- Slides: 10
WHAT IS AN ARGUMENT Part One: Argument Analysis
Functional Definition � An argument is an attempt to support (provide reasons for) a statement (claim /assertion) by appealing to the capacity of reason. � This functional definition is useful in the process of argument identification.
Structural Definition � An argument is a composition of statements (claims/assertions) some of which (the premises) are intended to provide reasons (evidence/support) for the other (the conclusion or thesis). � This structural definition is useful in the process of argument analysis.
Argument Analysis � � Analysis is the process of breaking a complex object into its constituent elements and determining the relation between these elements. The constituent elements in an argument are Statements. The relationship between statements in an argument is assessed according to the function those statements serve in the argument. Some statements, namely the premises, serve to provide support for others, namely the conclusion(s).
Accuracy and Analysis � The goal in argument analysis is to develop an accurate account of the author’s intended meaning while also accurately representing the relationship of support between the premises and the conclusion in the argument.
What is a Statement? � � A statement is an independent clause that can be reasonably understood to assert that something is the case (i. e. that something is either true or false). Examples of Statements: � Factual: “The Earth is Flat. ” � Interpretive: “Justice is whatever is in the interest of the stronger. ” � Evaluative/Moral: “You shouldn’t wear shoes in the temple. ” � Evaluative/Aesthetic: “Van Gough’s paintings are more beautiful than Monet’s”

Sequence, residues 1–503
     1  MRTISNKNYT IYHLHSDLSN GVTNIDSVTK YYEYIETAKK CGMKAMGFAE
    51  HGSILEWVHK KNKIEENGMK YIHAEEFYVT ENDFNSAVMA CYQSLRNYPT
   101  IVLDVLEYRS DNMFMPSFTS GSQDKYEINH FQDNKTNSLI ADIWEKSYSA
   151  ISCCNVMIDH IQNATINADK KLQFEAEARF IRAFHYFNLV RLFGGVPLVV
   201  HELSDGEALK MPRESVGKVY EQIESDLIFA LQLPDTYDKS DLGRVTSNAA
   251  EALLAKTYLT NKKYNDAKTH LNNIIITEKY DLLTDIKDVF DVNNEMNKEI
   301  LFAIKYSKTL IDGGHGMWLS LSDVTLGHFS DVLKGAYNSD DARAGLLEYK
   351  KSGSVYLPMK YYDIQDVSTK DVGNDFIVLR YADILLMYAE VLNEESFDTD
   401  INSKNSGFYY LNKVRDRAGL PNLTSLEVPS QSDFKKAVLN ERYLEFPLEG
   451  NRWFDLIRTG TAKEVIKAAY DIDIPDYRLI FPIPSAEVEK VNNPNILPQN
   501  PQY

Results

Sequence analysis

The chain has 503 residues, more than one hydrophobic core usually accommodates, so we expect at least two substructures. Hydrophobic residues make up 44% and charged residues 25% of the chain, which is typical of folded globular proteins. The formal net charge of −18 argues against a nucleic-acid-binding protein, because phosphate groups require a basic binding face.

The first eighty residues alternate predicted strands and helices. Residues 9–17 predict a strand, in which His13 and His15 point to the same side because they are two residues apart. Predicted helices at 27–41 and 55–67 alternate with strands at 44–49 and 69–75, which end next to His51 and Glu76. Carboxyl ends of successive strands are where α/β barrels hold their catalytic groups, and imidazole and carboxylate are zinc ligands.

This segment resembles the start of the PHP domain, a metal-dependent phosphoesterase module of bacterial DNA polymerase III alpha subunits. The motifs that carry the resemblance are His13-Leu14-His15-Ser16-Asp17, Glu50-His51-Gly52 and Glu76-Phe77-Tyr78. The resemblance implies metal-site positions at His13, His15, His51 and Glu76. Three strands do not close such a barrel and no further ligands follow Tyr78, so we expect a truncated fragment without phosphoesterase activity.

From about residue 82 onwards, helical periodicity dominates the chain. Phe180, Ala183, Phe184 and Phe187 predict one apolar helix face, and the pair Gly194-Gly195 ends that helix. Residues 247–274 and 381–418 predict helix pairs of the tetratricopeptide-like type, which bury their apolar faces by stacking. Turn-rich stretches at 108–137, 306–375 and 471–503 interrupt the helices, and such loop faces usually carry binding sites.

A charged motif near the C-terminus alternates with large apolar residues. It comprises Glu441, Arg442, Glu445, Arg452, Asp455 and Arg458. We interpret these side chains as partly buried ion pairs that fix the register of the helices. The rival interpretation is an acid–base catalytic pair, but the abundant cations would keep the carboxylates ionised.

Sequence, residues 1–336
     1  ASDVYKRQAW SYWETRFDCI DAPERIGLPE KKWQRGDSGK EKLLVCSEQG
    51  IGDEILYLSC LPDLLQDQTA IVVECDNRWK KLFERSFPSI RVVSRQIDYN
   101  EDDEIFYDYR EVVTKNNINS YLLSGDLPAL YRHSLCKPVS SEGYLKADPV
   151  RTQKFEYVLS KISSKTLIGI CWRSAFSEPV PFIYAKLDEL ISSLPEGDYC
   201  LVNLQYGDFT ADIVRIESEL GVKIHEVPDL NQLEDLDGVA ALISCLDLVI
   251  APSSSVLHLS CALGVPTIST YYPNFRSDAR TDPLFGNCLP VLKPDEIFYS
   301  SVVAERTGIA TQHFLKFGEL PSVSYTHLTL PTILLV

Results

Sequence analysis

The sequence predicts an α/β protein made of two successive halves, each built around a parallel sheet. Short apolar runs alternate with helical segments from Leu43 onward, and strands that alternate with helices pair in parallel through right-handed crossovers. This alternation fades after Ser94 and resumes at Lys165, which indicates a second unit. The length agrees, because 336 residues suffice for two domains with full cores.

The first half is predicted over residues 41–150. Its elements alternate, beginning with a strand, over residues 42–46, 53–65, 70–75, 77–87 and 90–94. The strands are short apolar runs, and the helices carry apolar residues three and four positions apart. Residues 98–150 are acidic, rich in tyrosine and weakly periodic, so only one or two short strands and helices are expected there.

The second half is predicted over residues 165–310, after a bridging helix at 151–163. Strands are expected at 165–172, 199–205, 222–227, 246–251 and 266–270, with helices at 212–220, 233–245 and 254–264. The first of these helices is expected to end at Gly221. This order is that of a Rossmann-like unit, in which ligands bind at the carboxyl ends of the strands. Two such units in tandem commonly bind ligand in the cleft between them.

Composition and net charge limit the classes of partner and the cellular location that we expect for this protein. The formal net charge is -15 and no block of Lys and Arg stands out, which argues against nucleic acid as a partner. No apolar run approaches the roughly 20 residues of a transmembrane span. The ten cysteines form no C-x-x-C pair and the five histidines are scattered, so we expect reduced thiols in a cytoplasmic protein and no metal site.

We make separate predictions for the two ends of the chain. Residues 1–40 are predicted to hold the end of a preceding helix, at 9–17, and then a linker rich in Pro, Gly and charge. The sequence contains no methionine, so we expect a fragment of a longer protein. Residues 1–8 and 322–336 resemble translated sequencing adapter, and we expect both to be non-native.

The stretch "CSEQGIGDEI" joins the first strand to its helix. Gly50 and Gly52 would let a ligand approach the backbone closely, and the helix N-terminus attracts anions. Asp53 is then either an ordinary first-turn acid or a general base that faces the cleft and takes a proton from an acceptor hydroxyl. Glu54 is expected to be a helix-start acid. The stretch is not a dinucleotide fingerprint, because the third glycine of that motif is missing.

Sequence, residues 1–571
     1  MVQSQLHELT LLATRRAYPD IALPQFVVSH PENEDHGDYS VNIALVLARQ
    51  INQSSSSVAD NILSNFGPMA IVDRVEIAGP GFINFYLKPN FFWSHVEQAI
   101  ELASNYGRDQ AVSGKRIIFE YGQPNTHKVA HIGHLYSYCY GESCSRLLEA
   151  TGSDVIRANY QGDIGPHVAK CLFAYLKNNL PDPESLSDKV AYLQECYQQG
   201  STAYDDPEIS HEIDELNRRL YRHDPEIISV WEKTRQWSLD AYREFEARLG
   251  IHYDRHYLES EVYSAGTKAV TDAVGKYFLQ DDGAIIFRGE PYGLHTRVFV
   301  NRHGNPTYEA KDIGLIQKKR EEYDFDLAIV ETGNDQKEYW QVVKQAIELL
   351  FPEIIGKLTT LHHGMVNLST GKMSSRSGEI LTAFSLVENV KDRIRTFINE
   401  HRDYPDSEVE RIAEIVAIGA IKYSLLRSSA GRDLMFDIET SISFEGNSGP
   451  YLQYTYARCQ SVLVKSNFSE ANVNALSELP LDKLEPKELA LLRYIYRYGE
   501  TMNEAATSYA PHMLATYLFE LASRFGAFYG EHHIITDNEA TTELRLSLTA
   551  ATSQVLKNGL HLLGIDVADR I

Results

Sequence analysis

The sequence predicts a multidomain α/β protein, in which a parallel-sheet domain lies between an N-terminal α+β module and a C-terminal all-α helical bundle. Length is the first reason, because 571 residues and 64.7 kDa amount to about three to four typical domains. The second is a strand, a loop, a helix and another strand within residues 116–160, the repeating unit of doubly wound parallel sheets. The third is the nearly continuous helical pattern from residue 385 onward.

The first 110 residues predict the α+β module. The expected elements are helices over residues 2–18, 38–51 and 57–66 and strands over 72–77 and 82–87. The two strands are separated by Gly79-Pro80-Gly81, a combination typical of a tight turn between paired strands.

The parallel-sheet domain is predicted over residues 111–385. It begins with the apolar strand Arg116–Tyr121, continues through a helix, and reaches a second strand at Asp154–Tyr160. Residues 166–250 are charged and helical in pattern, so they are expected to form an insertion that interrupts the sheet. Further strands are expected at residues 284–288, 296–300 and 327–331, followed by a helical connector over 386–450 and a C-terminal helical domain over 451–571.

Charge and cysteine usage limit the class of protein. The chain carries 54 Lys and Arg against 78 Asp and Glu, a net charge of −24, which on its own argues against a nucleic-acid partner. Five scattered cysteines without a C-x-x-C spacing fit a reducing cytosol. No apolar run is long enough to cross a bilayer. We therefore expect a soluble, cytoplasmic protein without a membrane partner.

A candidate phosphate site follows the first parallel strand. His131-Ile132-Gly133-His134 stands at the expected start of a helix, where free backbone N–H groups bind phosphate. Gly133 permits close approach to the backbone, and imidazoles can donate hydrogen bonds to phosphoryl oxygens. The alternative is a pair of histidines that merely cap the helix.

Formula for Identifying Statements � It is true or false that X. Where X = the independent clause in question. � Do these sentences qualify as statements? � � My dog hates cats. � Come out of the house with your hands up! � Do you know the way to San Jose? � Testing cosmetic products on animals is wrong.
Examples of Non-Statements Many sentences do not assert that something is the case, but instead are intended to direct behavior or serve to express emotion or sentiment. � Commands � � � Questions � � What time is the meeting this afternoon? Exclamations � � � March up that hill soldier. Do not write on this exam. Ouch! Egad! Requests � Please turn down that loud music.
Interpreting Authorial Intent � � When interpreting an author’s utterance (whether verbal, written, or otherwise expressed) the purpose is to accurately ascertain the author’s intent, not merely to report what they have said (written, etc. ) Context matters: Often the circumstances or conditions in which an utterance occurs gives us clues as to authorial intent. It is essential that you consider context when interpreting a sentence.
Interpreting Authorial Intent Cont. � Rhetorical Questions: Though such utterances have the grammatical form of a question, they are intended to assert that something is the case and so should be interpreted as statements. � � Pseudo Commands: Though such utterances have the grammatical form of a command, they are intended to serve as an ought imperative. � � Example: “When are you going to realize that your boyfriend is a lying, cheating, dog? ” Example: “Don’t eat sushi. If you do, you risk infection and contribute to the depletion of threatened species such as the Blue fin tuna. ” Pseudo Exclamations: though such utterances have the grammatical form of an exclamation, they are intended to assert (usually) a value statement. � Example: “What a crock!” in response to the proposed no-smoking policy on SRJC campus.